There are countless facilities that have numerous physical security technologies deployed. Many of these technologies have been turned off because they either do not function as expected (due to lack of training or deficiency in quality), or they are too much trouble to operate as a result of poor design engineering or lack of definition in terms of installation criticality. They may also be too expensive to maintain because the systems break down frequently—a direct reflection of poor quality combined with haphazard installation.
Unfortunately, many of today’s perimeter technologies are engineered solutions which have never been tested in actual stressed conditions; instead, they are designed to address a general price point. Whether or not the systems will actually perform to prevent an undesired event is often left in the hands of a person or company whose primary objective is to make a sale. The unspoken wish is that the system is never called into duty.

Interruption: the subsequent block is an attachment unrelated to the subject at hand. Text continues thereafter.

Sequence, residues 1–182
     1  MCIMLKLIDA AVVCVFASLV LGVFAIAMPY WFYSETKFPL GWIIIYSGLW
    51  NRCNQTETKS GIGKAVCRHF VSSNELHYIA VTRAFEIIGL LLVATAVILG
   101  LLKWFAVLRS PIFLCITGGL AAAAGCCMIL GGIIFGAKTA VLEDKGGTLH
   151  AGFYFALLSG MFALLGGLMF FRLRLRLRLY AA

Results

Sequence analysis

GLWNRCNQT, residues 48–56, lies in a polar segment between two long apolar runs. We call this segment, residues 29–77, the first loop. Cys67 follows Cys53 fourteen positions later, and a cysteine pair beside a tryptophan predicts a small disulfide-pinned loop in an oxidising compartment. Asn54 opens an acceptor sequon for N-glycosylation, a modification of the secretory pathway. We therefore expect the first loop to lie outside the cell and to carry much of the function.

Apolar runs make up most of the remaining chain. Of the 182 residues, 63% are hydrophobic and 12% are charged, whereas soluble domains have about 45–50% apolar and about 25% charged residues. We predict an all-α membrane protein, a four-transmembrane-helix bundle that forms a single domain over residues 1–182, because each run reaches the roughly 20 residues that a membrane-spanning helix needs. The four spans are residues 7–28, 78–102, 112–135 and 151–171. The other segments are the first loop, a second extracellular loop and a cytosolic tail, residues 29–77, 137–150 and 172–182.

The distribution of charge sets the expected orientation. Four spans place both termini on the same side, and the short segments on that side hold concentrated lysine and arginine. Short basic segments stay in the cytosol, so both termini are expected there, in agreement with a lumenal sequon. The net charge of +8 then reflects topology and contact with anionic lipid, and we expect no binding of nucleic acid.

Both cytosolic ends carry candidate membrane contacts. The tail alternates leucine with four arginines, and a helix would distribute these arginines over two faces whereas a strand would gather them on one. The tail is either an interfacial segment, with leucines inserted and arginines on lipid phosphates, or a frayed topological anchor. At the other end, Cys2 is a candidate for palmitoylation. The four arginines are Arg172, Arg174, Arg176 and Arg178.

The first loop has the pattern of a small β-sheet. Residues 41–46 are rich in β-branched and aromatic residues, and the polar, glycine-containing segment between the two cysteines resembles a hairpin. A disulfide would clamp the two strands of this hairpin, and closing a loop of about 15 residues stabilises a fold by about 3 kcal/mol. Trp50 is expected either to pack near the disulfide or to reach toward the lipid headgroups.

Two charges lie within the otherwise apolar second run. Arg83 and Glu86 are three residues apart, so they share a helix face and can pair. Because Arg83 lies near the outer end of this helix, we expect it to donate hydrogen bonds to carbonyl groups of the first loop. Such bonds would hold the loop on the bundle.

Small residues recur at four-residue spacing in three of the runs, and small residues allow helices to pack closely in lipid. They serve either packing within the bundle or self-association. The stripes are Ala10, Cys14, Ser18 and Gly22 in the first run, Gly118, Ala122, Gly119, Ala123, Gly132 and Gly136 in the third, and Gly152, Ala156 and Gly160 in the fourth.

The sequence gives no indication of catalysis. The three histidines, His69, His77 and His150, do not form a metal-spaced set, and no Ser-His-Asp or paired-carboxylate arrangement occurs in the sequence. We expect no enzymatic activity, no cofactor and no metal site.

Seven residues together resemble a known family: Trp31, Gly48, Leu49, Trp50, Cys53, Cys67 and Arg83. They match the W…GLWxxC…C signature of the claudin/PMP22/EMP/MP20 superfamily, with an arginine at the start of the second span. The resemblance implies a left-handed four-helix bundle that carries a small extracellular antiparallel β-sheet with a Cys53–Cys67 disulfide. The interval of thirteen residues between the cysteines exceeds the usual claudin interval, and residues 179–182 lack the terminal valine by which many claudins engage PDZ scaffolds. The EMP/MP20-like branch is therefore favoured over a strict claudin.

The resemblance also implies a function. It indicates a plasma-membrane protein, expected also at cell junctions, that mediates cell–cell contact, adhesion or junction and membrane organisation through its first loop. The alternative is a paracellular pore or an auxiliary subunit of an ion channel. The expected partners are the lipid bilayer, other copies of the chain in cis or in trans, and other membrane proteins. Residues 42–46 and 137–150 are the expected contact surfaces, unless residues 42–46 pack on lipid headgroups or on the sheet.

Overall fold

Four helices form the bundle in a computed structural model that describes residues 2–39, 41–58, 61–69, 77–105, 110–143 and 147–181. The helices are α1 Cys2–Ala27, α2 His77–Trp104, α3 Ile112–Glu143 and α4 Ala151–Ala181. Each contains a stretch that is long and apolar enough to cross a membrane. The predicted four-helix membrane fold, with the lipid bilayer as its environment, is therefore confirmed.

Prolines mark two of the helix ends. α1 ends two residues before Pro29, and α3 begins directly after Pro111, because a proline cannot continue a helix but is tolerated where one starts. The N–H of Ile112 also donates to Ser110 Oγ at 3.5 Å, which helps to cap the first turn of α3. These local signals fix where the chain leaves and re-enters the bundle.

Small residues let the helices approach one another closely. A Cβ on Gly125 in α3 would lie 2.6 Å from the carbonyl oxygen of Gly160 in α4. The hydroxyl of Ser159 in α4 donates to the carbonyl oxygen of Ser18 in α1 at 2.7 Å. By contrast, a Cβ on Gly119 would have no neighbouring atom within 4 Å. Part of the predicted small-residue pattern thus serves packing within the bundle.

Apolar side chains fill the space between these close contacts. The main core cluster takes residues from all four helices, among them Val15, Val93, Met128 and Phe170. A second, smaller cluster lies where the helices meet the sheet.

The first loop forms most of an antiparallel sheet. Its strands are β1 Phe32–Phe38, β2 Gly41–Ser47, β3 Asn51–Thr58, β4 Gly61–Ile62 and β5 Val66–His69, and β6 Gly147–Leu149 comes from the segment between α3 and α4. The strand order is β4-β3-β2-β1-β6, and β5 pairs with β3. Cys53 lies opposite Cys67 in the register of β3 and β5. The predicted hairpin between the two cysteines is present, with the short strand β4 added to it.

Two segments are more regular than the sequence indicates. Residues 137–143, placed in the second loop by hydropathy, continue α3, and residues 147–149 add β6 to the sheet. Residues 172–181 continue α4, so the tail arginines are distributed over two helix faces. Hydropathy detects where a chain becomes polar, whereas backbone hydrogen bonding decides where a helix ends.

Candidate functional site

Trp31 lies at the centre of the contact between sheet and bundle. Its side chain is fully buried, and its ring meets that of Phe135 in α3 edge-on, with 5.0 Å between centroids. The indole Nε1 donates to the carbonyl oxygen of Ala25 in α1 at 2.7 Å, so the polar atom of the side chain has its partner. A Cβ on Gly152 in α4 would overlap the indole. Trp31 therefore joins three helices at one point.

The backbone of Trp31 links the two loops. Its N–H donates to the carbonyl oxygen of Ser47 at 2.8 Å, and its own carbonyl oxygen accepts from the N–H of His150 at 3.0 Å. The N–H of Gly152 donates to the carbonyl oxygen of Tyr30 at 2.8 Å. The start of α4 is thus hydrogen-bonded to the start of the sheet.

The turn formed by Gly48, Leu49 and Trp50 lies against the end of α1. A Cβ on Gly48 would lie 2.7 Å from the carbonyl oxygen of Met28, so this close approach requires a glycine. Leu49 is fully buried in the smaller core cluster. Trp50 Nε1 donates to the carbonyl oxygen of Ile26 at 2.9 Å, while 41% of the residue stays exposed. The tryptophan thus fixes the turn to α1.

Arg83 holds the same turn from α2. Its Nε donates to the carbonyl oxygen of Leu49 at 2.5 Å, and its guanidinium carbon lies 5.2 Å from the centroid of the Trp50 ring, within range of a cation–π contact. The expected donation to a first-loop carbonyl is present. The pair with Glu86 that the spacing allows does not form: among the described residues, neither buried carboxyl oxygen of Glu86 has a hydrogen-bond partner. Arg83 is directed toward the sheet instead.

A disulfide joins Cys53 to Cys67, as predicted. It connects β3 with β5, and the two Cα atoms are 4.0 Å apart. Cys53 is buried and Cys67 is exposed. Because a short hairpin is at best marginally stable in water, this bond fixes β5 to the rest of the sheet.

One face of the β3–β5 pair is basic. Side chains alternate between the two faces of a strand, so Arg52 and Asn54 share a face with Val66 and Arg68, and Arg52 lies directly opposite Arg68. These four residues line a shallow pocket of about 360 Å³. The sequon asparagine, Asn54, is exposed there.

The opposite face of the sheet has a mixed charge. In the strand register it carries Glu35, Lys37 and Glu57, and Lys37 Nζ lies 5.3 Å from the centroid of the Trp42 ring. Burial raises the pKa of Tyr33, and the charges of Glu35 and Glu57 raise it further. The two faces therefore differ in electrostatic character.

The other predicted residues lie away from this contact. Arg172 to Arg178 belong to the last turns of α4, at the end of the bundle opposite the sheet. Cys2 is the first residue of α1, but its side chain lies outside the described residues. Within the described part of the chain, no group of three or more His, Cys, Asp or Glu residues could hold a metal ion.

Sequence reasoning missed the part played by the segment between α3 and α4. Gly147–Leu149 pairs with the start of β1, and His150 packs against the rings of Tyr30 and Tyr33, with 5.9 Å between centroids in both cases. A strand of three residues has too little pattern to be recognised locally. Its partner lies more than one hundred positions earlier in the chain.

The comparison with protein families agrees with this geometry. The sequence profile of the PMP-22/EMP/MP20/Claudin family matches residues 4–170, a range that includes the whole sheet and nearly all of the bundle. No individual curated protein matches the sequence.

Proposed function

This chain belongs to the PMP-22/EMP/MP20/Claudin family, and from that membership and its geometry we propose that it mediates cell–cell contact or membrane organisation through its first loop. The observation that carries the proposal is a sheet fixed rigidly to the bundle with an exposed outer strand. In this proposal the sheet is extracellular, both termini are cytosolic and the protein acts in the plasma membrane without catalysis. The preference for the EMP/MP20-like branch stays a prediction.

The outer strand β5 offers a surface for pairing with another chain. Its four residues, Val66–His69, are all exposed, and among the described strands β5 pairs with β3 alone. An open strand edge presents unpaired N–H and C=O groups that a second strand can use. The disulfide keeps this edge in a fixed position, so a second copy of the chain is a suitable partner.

Asking The Right Questions
The subject of security will forever be a challenging topic. It’s a discussion often fueled by fear with an ambiguous demonstration of Return on Investment (certainly not one that could be published in the company’s financial reports). When facility resources are invested to mitigate an external security concern or threat and nothing happens, it is often seen as a waste of company funds. This is because we did not answer the question, “Why did we do this in the first place?”
Complex decisions charged by emotional uncertainties are best addressed in a direct fashion. If fms think in a straight line, it may be easier for them to start asking the hard—but essential—questions:
Why is it critical for our company to implement these perimeter security systems?
How will we accomplish this using tested technologies supported with documented evidence of compliance with industry standards?